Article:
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Google forced by French justice to reveal the identity of two people accused of “false opinions”

The European headquarters of the American giant was ordered by the Dijon Court of Appeal to lift the anonymity of two Internet users who published ratings on Google Maps concerning a guest house.

On the Internet, it is possible that opinions on products or services are false, coming from people who have never used them. In France, two people are rightly accused of having issued “fake reviews” about Château de Balleure, a guest house, on Google Maps. These poor ratings (two stars out of five and one out of five) had been published without comment in 2018 and 2020. The Dijon Court of Appeal recently condemned the European headquarters of Google – based in Ireland – to lift the anonymity of these two Internet users, AFP revealed on July 19.

Acting in summary proceedings, she ordered the company to give their identity and contact details, but also to pay the legal costs, as well as 2,000 euros to the guest house. The Court of Appeal considers that the Château de Balleure has a “legitimate reason” to obtain from Google any element making it possible to identify the author or authors of these disputed notes. This, in order to be able to determine, during a later trial, if they came from people who were not customers of the guest house.

A lack of adequate controls on Google Maps

The Château de Balleure considers that these two opinions were ” fake “ given that they were broadcast by people who had never attended the establishment. “The most likely hypothesis results from the feature called Google Maps push”, explained Raoul Salama, owner of the guest house. According to him, this function invites users of the service passing around an accommodation or a restaurant to give their opinion, “but without putting in place adequate controls that would ensure that these Internet users have actually used the establishment’s services”.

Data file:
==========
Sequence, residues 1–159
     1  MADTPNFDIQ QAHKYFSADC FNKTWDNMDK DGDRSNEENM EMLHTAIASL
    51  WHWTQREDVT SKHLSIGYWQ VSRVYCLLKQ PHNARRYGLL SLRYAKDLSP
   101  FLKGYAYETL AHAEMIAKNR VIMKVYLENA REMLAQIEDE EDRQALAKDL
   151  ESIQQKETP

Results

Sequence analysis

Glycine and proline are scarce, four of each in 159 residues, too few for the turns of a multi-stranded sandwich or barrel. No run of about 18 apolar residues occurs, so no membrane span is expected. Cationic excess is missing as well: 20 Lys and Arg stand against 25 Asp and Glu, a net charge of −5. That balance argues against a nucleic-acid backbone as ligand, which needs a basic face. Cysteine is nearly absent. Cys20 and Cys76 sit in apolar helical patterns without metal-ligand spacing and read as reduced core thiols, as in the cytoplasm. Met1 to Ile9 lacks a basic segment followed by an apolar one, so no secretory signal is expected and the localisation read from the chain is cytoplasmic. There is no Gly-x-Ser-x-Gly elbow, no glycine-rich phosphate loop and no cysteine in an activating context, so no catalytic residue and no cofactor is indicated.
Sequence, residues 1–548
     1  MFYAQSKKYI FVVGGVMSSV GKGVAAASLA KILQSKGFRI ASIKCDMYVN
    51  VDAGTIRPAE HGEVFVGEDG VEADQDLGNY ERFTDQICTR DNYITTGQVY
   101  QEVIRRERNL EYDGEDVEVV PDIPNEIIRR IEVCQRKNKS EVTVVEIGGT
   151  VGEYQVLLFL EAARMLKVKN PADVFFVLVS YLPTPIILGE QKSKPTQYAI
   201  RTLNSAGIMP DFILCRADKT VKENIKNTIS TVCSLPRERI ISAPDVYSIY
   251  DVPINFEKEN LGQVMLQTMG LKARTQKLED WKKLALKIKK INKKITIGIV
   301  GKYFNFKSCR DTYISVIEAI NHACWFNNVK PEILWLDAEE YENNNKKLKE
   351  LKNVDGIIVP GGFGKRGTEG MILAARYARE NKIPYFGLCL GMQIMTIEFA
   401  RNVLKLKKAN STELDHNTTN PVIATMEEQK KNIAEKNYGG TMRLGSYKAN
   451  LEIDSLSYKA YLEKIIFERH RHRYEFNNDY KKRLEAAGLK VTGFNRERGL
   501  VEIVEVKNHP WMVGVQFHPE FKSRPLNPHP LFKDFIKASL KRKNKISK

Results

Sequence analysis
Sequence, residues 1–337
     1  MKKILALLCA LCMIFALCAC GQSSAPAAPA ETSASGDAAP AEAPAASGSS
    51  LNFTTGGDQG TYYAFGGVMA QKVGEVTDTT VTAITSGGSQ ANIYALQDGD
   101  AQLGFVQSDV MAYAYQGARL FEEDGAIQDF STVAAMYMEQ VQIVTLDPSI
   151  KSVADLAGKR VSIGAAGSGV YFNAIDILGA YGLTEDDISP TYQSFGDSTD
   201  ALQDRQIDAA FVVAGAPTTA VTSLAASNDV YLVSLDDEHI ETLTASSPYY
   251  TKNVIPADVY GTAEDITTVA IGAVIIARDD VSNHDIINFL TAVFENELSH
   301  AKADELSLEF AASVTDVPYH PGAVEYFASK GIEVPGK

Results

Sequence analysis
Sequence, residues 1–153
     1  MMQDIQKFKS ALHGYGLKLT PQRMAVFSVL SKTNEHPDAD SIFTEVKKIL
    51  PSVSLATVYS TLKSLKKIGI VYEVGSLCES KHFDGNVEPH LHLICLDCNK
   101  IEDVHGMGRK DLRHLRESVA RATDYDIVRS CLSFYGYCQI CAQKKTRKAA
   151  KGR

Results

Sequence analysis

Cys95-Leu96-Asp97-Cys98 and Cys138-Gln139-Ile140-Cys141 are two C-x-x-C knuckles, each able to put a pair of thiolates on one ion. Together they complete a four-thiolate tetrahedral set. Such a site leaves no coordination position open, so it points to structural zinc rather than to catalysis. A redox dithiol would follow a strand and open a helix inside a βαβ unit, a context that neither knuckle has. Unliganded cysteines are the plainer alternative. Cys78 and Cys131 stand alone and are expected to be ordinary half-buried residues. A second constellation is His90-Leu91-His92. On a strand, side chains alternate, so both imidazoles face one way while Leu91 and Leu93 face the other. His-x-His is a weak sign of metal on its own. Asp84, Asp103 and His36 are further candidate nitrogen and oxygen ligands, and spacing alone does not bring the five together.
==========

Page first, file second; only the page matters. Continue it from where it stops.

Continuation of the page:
Planning to sue Google on the merits, he also accuses the American giant of not having respected several legislative texts, like the European Omnibus directive. Entering into force at the end of May, it aims to improve the protection of European consumers on the Internet and prohibits “to assert that opinions on a product are distributed by consumers who have actually used or purchased the product without having taken the necessary measures to verify it”.

Questioned by AFP, Google referred to the rules of its application according to which “contributions must be based on real experiences and information”. The text also specifies that deliberately false content, personal attacks or unnecessary or incorrect content are prohibited. Note that France is not the only country where the Mountain View firm is facing problems for fake reviews. For more than a year, the UK Competition Authority has been investigating her and Amazon, fearing that the two companies “don’t do enough to fight fake reviews on their sites”.



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